Keiji Inafune has been talking to university students about game design, and revealed that he ended up saving Capcom from financial trouble - all because he broke the rules of the management in developing Lost Planet and Dead Rising.
Speaking at the Ritsumeikan University in Kyoto, the former Capcom development head recalled a policy that outlawed the development of any original content. Concerned with risks, the company's management would forbid the creation of everything except for sequels.
According to Inafune, the actual rule was 70-80% sequels and 20% new titles, but the reality was that no original concept got approved. His pitches for Dead Rising
and Lost Planet
, as a result, were expectedly rejected - but he decided to start work on the titles anyway without the management's consent.
Inafune's loophole came with the fact that each development division within Capcom was responsible for its own budget. This included prototypes, which the designer took advantage of to create a work in progress build of the two titles that far exceeded the studio's budget. Lost Planet's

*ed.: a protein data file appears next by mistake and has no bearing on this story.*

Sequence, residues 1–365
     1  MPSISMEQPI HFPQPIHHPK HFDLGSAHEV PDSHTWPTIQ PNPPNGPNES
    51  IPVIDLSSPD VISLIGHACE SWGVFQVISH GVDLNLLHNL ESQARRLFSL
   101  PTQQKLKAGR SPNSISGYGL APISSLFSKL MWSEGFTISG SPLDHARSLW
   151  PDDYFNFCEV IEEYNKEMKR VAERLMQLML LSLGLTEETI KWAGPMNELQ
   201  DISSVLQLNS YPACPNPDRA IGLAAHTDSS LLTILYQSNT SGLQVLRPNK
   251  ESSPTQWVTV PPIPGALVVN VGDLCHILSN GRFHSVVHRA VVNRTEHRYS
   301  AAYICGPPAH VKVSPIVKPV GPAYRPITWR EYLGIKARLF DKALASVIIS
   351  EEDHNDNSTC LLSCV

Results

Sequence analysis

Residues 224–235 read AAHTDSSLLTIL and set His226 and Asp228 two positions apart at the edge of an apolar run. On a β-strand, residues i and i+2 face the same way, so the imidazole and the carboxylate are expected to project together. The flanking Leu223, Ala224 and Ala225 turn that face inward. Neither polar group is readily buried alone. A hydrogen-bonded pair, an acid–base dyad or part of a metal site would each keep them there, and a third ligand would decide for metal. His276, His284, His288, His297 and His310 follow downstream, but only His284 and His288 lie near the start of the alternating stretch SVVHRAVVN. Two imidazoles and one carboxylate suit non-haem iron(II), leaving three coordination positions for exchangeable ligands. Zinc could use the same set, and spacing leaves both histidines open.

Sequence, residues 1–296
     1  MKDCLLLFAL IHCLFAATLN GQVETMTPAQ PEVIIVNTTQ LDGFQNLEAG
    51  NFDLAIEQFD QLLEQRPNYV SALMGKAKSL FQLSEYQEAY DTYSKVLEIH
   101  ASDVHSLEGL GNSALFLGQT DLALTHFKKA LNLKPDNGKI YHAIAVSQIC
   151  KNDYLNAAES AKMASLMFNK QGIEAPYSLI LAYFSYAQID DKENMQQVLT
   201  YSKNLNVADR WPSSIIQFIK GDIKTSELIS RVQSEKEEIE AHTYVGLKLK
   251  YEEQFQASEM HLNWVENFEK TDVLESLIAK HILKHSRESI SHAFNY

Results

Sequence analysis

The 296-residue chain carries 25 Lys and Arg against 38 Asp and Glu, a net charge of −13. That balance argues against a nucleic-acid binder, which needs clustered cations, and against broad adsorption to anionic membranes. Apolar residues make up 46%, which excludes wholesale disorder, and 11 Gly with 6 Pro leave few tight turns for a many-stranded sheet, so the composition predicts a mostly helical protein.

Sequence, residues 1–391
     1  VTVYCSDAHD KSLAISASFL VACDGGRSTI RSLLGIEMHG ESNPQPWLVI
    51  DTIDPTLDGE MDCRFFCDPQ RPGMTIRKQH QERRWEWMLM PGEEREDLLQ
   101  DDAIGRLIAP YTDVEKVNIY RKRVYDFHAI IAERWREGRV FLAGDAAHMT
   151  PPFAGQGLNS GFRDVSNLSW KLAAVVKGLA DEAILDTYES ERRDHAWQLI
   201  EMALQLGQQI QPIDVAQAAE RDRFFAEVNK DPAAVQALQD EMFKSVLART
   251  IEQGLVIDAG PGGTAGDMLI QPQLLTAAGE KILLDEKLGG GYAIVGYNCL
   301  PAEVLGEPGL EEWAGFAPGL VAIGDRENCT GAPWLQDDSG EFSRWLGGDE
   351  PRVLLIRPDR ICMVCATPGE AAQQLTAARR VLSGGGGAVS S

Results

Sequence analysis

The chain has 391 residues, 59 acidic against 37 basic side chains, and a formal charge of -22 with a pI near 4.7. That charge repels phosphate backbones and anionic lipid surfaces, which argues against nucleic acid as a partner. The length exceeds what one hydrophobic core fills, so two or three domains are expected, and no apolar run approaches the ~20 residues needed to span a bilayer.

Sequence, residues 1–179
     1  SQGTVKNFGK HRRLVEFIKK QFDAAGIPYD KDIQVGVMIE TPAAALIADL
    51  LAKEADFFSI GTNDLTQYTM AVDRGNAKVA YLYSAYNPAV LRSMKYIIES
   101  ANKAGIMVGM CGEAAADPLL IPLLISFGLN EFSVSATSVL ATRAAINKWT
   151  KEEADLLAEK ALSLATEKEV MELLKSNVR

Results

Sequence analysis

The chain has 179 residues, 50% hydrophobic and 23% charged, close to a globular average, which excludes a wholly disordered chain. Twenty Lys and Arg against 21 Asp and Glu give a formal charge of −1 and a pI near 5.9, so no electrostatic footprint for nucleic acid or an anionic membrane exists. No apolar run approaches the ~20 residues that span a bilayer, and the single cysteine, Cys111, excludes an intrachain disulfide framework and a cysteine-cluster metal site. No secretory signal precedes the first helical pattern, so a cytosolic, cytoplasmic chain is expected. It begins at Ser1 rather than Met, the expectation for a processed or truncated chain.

prototype, for example, exceeded the studio budget by 400%. Inafune's reasoning was that, having spent all this money already, the management would have no choice but to green-light the project.
We all know what happened next. Lost Planet
and Dead Rising
became successful money-makers for Capcom, selling millions of copies worldwide. Inafune said that the result helped Capcom's earnings and stock price, but was prepared to be "fired for war crimes" if the games ended up being flops.
Inafune also championed Capcom's angling towards the Western market in the years leading to his departure. He's now doing things for himself, maintaining a development blog
but has revealed no plans as to what his next move might be.